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Mongan, Deirdre (2014) Alcohol consumption in early pregnancy and pregnancy outcomes. Drugnet Ireland , Issue 48, Winter 2013 , pp. 14-15.

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A recent study examined the association between maternal alcohol consumption in early pregnancy and pregnancy outcomes including low-birth-weight, spontaneous preterm birth and pre-eclampsia.1 Many women continue to consume alcohol in pregnancy despite recommendations that they should abstain from alcohol in order to minimise potential risks to the fetus. The advice from the Departments of Health in Ireland and the United Kingdom (UK) and the Surgeon General in the United States is that alcohol should be avoided during pregnancy. However, the National Institute for Health and Clinical Excellence in the UK states that there is no consistent evidence of adverse effects from low to moderate prenatal alcohol consumption and recommends that women should be advised to drink no more than 8 grams of pure alcohol/1 standard drink once or twice a week. 

This study involved 5,628 women who had not previously given birth, recruited in New Zealand, Australia, the UK and Ireland. Participants were interviewed at 15 weeks of gestation and information on alcohol intake before pregnancy and up to the time of interview was obtained using a standardised questionnaire. Alcohol intake was classified as occasional (8–16 grams of alcohol /1-1.5 standard drinks per week), low (24–56 grams of alcohol /2.5-5.5 standard drinks per week), moderate (64–112 grams of alcohol/6-11 standard drinks per week), and heavy (more than 112 grams of alcohol/11 standard drinks per week). Binge alcohol consumption was defined as consumption of 48 grams of alcohol/5 standard drinks in one session.
 
The majority of participants (60%) consumed some alcohol in pregnancy; 1,090 (19%) reported occasional consumption, 1,383 (25%) low consumption, 625 (11%) moderate consumption, and 300 (5%) heavy consumption. Overall, 1,905 (34%) participants reported binge drinking in the three months before pregnancy, and 1,288 (23%) reported binge drinking during the first 15 weeks of pregnancy. Significant geographical variation was observed between study centres: 65%–80% of participants in the UK and Ireland consumed some alcohol in pregnancy, compared with 38% in Australia and 53% in New Zealand. Participants who consumed occasional to heavy amounts of alcohol in early pregnancy did not have altered odds of a small-for-gestational-age neonate, reduced birth weight, pre-eclampsia, or spontaneous preterm birth. Similarly, those who binge drank in early pregnancy did not have altered odds of these adverse pregnancy outcomes.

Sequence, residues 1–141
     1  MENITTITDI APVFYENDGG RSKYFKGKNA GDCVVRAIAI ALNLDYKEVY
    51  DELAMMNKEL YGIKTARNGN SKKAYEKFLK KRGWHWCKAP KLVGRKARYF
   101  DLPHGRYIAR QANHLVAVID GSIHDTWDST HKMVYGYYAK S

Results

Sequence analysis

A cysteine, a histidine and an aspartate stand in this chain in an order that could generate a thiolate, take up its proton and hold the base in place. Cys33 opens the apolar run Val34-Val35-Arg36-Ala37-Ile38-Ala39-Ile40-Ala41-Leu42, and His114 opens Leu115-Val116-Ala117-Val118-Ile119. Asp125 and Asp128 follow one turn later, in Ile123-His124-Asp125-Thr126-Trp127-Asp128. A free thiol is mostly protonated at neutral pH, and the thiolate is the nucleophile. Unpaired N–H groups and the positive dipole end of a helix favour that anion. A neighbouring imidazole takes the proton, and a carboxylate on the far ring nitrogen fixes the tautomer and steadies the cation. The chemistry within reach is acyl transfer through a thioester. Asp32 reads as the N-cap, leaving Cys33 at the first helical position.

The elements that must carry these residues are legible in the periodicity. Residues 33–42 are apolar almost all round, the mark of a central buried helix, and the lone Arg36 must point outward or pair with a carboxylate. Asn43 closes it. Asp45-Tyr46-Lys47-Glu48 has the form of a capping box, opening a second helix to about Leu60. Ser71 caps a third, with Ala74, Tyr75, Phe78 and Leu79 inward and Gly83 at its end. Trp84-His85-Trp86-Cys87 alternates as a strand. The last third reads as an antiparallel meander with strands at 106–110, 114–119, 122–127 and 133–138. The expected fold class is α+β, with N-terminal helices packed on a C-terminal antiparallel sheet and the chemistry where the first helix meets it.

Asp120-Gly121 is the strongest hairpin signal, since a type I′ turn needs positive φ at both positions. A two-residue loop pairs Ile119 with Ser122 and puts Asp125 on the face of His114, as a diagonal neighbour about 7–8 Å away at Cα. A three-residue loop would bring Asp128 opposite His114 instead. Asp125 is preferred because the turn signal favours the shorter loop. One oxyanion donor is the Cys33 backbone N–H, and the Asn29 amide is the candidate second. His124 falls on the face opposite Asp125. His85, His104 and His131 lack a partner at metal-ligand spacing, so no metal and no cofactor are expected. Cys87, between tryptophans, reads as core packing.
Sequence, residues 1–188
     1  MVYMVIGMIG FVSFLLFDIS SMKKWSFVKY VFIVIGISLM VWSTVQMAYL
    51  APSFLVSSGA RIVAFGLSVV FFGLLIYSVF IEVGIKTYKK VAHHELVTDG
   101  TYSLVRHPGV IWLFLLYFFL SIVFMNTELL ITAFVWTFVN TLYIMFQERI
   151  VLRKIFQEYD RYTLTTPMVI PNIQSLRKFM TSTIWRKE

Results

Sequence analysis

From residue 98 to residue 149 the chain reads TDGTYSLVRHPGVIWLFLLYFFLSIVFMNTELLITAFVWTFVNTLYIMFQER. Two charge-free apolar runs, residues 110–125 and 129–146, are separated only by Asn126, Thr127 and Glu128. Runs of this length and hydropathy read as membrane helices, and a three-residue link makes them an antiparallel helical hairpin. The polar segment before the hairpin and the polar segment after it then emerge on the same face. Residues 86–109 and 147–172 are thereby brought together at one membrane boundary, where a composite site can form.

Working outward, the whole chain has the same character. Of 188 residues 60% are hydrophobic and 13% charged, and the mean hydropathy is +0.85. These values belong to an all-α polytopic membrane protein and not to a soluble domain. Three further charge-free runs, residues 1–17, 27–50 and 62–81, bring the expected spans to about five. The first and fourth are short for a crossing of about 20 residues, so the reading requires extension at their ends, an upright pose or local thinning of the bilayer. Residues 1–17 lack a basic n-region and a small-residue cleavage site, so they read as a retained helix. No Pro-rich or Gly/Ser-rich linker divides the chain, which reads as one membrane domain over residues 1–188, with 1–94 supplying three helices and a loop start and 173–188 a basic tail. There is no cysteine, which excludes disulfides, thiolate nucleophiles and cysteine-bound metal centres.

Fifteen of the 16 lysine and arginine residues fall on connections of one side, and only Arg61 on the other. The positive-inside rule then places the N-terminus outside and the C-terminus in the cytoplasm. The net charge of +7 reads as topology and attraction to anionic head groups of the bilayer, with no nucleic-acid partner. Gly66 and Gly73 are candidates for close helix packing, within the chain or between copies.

The authors of the study concluded that there was no association between alcohol consumption before 15 weeks of gestation and small-for-gestational-age neonate, reduced birth weight, pre-eclampsia, or spontaneous preterm birth. It remains unclear whether any safe level of alcohol consumption in pregnancy exists, and there is currently inadequate information to determine whether there are discrete gestational windows of vulnerability for different adverse outcomes. It should also be noted that this study did not evaluate the association between alcohol consumption in pregnancy and long-term neurocognitive outcomes of children exposed as fetuses to alcohol. This potential for neurocognitive dysfunction remains one of the single most important reasons for pregnant women to avoid alcohol intake during pregnancy.
 
 
1. McCarthy FP, OʼKeeffe LM, Khashan AS et al. (2013) Association between maternal alcohol consumption in early pregnancy and pregnancy outcomes. Obstetrics And Gynecology, 122: 830–837. www.drugsandalcohol.ie/20527
Item Type:Article
Issue Title:Issue 48, Winter 2013
Date:January 2014
Page Range:pp. 14-15
Publisher:Health Research Board
Volume:Issue 48, Winter 2013
EndNote:View
Accession Number:HRB (Electronic Only)
Subjects:G Health and disease > Disorder by cause > Developmental disorder > Foetal (fetal) alcohol syndrome
E Concepts in biomedical areas > Pregnancy
VA Geographic area > Europe > Ireland
T Demographic characteristics > Pregnant woman
B Substances > Alcohol
G Health and disease > Disorder by cause > Developmental disorder
A Substance use, abuse, and dependence > Prevalence > Substance use behaviour > Alcohol consumption

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